An independent review into the Department of Human Services’ (DHS) voluntary bill paying service has called for extra IT funding to ensure that customers are protected from unscrupulous service providers.
Centrepay, a voluntary service which allows real estate agents, utilities and various household goods providers to directly deduct bills from welfare payments, was criticised last year when a handful of vendors were found to be abusing the vulnerability of welfare recipients.
Zaam Rentals had its contract with the DHS cancelled after it came to light that staff were door-knocking in indigenous communities to promote loans on radically overpriced laptops and computers through Centrepay. Financial Counselling Australia (FCA), the author of the report, said it was one of many instances of unconscionable conduct that had been facilitated by the program.
Fairfax reported in 2012 that 1700 other Centrepay contracts had been terminated by the DHS since 2010.
Anna Budul’s independent review of Centrepay, handed down this week, found that an ageing transaction system allowed many of these incidents to go unnoticed.
“Centrepay transactions take place within the much broader Centrelink IT system, which is decades old, transactional and rules based.
“Information management for risk management purposes via timely data extraction and analysis is currently not possible, nor is risk management via strategic compliance oriented data analytics,” it said.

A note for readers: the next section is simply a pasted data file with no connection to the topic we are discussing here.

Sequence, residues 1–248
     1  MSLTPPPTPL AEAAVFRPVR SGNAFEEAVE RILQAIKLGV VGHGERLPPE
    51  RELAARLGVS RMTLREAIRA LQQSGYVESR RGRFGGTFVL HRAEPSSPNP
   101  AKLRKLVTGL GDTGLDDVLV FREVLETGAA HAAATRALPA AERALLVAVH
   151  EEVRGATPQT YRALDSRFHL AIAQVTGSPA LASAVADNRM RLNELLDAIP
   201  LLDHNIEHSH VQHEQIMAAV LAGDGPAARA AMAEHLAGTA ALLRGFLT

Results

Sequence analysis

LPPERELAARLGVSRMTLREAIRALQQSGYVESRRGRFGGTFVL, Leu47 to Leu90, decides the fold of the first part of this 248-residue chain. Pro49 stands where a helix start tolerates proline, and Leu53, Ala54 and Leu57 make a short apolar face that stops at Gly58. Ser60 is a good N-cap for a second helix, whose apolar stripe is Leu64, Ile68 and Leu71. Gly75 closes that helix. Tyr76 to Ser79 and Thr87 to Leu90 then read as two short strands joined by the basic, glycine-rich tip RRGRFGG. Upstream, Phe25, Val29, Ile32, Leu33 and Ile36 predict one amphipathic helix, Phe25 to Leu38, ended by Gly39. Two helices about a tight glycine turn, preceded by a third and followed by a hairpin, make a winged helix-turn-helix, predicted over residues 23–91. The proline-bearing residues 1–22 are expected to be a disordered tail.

Budul criticised the Department for under-resourcing the administration of the program and has called for “increased investment in Centrepay specific IT and other infrastructure”.
She acknowledged that the DHS was currently in the process of replacing the system with a more modern SAP-based application called Customer First, but added that Centrepay’s unique challenges would still not be met unless the Department paid the program special attention during the IT overhaul.
Budul’s report formally recommended that the DHS take “strategic cognisance” of Centrepay in the scoping of the SAP replacement as a matter of priority because “it is difficult to reverse IT logic once implemented”.
It has also recommended that the new system be built with enhanced data analytics capabilities to allow the Department to quickly and accurately identify the kinds of compliance issues identified by FCA and swiftly act upon them.
The DHS has yet to formally release its response to the report, although Minister for Human Services Senator Jan McLucas did indicate in a media release that “the Department supports the focus of the majority of the recommendations”. Caretaker conventions mean any formal decisions relating to the review will be delayed until after the election.